Philaso G. Kaping
The alarming state of climate change, which began to manifest itself in late 1980s, pushed world leaders to try to take affirmative steps for mitigating the effects of climate change and ways of adaptation while effectively sustaining the world’s economy. This led to the United Nations convening a global meet in Brazil in 1992.
Earth Summit (UN Conference on Environment and Development) held in Rio de Janeiro, Brazil was attended by 108 heads of state or government, representatives of NGOs and experts to bring about policies and plans to prevent or mitigate the alarming situation of the earth’s climate and environment caused by human activities. The summit led to the formation of an international environmental treaty called United Nations Framework Convention on Climate Change (UNFCCC).
The first UNFCCC Conference of Parties was held in March 1995 Berlin, Germany. Thereafter, the COP has met sixteen times in different countries till date. Some of the most significant and important are the Tokyo Summit, Bali meet, Copenhagen meet and Cancun meet.
COP 3, 1997, Tokyo, Japan
This COP is regarded as a landmark in UNFCCC`s history as it produced the Kyoto Protocol, which is the foundation and guide to frame polices and plans for the parties involved. The Protocol set binding obligations on industrialized countries for reducing greenhouse gas emissions and introduced new mechanisms to bring about sustainable development such emissions trading, clean development mechanism and joint implementation. At least 37 industrialized countries and European countries in transition agreed to reducing GHG emissions at an average of 5% against 1990 levels between the years 2008-2012.
COP 13, 2007, Bali, Indonesia
The COP adopted Bali Roadmap to facilitate the process of negotiations to tackle climate change. It includes the Bali Action Plan, which is a set of negotiating process to enable long-term co-operative action among the members.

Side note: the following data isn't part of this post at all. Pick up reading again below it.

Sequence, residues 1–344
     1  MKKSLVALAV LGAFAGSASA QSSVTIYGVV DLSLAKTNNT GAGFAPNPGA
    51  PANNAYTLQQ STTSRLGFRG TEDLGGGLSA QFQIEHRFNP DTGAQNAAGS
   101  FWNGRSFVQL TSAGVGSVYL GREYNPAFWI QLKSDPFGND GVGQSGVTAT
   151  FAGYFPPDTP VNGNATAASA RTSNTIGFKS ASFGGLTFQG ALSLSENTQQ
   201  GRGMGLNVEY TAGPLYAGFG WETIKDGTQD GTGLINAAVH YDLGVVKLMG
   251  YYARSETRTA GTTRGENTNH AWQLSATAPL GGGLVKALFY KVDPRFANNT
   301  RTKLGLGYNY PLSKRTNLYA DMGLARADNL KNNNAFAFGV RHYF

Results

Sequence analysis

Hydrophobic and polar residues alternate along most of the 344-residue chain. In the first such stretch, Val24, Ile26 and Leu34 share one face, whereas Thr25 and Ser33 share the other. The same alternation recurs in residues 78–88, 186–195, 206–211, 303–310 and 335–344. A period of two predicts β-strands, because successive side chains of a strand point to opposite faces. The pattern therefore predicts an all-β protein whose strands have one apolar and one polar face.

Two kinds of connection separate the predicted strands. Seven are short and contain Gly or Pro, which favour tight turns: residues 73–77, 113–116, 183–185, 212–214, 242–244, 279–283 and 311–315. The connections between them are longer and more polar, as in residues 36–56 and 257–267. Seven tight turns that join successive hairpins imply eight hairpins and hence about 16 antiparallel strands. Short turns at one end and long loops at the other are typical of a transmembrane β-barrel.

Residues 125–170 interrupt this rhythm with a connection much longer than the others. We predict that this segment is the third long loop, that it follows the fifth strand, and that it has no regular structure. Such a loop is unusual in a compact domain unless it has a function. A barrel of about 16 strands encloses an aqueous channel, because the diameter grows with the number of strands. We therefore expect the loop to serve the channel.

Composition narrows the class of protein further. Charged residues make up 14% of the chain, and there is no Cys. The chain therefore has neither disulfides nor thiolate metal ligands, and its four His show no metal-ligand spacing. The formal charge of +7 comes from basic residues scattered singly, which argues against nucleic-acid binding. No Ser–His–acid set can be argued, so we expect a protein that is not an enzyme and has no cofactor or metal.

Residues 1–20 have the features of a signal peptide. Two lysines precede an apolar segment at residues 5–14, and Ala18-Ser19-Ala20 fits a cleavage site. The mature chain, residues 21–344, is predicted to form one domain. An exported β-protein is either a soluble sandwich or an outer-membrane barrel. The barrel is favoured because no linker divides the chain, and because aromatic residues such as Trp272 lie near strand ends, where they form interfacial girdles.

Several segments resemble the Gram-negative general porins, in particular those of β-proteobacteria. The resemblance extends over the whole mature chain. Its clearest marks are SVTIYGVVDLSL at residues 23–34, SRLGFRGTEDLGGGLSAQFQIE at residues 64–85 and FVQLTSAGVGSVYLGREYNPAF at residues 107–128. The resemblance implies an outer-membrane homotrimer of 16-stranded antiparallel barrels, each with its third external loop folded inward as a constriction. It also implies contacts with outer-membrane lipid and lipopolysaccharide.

The BAP included working with shared vision to mitigate the effects of climate change and funding the adaptation of people in developing countries, transfer of technology and financing to bring about sustainable development and reduce emissions.
COP 15, Copenhagen, Denmark
The COP 15 started out to achieve a global agreement after the expiration of commitment period under the Kyoto Protocol in 2012. However, many governments were reluctant to come to an agreement and the Copenhagen Accord was adopted. The Accord advanced the commitment by developed countries on providing infrastructures needed for efficient functioning of adaptation programmes of developing countries.
COP 16, Cancun, Mexico
The meeting resulted in an impressive response to climate change. The Parties recognised that global warming is scientifically based and agreed to reduce greenhouse gas emissions so as to hold the maximum temperature rise to below 2°C above pre-industrial levels. The parties agreed to a “Green Climate Fund," for assisting developing countries in reducing GHG emissions and coping with climate change effects. Establishing a ‘Climate Technology Centre’ and Adaptation Committee was also agreed upon to facilitate innovation, development and spread of eco-friendly technologies and for efficient implementation of adaptation programmes.